The league is in danger. The integrity of the game is being consistently undermined with every game played without competent officiating. We saw this weekend, the huge hit to Matt Schaub which resulted in him losing a chunk of his ear. Mays should have been heavily penalized and objected from the pitch but this wasn’t called. Darius Hayward Bey received a brutal hemet-to-helmut hit from Ryan Munday on Sunday which knocked him out cold. Despite his concussion and strained neck, there wasn’t even a penalty called on the play. The welfare of the players is in danger with these officials. Granted, these hits could occur with the competent core but perhaps the penalties issued by the previous crews would act as a deterrent for these players who seem to be pushing legality to the limits with some of these hits. Even looking at the disgraceful TD call in the Green Bay game last night showed the crews lack of control as the ensuing melee in the endzone involving a pile up of players even featured a camera man joining in on the pile. Where is the pitch discipline? The replacements seem to be too timid to even break up a few scraps that have broken out on the pitch also.

The replacement officials themselves are at risk. They have been given the task of performing a job that they are obviously not qualified to perform. They are being approached aggressively by the players on the pitch and the coaches on the sidelines. Bill Belicheck will likely get a hefty fine for man handling an official at the Ravens game after he wanted the game winning kick to be clarified. Ray Edwards struck an official and was fined $8,000 during a scuffle in the Atlanta – Bronchos game after a fumble recovery. With avid fans all around the country being denied plays and games due to poor decision making and having to see their star players being carted off the pitch; the officials run the risk of being accosted by an irate fan outside of the arena. As stated before; these officials have other jobs and this could prove disadvantageous as they could be in danger of being confronted in their lives outside the field, making their day jobs untenable.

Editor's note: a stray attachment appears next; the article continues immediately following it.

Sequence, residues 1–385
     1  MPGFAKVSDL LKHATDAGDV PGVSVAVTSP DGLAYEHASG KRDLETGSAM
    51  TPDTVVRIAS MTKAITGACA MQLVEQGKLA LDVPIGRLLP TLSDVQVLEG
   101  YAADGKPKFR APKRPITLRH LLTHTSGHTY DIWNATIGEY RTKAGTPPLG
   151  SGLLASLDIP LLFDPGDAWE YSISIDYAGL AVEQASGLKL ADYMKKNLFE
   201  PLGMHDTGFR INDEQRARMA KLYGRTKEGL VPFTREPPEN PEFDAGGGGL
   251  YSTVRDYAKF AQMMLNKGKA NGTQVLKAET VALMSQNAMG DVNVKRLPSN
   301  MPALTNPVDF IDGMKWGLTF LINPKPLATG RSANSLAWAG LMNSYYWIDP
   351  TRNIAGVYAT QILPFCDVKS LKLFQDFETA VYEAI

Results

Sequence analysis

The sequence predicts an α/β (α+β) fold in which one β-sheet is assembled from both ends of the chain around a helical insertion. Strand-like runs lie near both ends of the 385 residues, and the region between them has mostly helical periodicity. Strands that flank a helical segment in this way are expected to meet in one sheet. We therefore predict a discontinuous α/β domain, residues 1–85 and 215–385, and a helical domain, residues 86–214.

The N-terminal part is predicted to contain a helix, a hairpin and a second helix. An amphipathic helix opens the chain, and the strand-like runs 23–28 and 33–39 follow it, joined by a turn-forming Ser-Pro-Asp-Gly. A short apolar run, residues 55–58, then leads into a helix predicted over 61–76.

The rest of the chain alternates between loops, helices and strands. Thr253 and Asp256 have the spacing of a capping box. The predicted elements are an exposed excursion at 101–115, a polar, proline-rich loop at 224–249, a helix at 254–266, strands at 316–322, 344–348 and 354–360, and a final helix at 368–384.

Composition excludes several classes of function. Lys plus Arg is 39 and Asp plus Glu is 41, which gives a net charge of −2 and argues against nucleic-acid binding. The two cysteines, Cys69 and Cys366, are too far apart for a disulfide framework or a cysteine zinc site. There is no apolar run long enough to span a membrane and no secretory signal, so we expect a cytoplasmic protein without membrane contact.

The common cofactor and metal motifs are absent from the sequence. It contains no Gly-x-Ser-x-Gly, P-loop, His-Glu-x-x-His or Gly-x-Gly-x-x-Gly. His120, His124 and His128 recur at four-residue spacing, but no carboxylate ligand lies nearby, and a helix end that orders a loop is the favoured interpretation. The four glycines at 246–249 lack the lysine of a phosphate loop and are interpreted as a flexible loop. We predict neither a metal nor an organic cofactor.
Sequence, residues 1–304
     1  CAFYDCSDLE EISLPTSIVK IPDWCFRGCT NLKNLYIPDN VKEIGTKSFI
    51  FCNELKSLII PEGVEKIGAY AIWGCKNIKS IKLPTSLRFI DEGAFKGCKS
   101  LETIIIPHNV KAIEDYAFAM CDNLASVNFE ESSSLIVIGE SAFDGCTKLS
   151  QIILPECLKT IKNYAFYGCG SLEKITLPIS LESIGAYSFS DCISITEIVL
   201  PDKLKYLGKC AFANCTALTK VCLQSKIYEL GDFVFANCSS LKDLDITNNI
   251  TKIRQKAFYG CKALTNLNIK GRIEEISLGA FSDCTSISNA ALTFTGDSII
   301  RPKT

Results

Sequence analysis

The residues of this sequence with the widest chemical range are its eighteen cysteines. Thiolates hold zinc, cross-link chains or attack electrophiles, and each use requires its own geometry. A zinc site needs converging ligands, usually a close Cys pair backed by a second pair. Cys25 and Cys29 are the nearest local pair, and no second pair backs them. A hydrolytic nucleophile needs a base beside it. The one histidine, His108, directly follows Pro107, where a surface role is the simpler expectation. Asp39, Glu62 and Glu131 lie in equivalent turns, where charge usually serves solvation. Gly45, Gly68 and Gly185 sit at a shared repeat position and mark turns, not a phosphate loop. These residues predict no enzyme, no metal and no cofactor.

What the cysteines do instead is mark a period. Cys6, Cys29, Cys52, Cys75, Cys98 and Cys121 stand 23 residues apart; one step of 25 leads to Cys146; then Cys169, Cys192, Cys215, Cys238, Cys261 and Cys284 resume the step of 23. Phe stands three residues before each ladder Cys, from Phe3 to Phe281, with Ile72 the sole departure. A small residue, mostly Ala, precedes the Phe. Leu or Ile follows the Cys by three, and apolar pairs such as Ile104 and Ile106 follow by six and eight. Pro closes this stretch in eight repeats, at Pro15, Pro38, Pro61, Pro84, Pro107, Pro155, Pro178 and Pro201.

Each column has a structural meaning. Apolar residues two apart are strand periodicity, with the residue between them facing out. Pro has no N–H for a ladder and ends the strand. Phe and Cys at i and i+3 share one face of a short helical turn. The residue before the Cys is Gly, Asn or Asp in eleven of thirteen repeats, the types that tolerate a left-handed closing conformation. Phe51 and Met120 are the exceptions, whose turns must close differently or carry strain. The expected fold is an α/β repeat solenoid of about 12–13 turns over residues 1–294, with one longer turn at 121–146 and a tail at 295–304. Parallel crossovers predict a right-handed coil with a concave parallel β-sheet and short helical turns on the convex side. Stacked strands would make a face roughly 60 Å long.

The NFL and Roger Goodell have been criticised before about putting money over everything. They have made a concerted drive as of late to prevent concussions and have rolled out new rules and incentives for player safety. Some say though, that this was done so as to prevent the legal liability falling at the League’s door and making them give massive payouts to aggrieved families whose loved ones have passed away due to concussion related ailments. Either way, the new rules are a positive for the players but the motives of the League may not be in the right place. The same can be seen here. Will the NFL relish the publicity all of these scandals are causing and leave the replacement officials where they are? Is the press attention increasing viewer numbers and advertising cash flows for the league? Is it cynical of me to suggest that they would put players, officials and the games integrity in harms way just to make a quick buck? Perhaps, but it certainly is food for thought. I would like to believe that the players and game are in the best interests of the NFL and that this outrageous episode will be ended soon. I hope that the Green Bay game serves as the last straw and the only time we will see officiating errors of this magnitude again, will be on a lowlight reel of the referee lockout in years to come.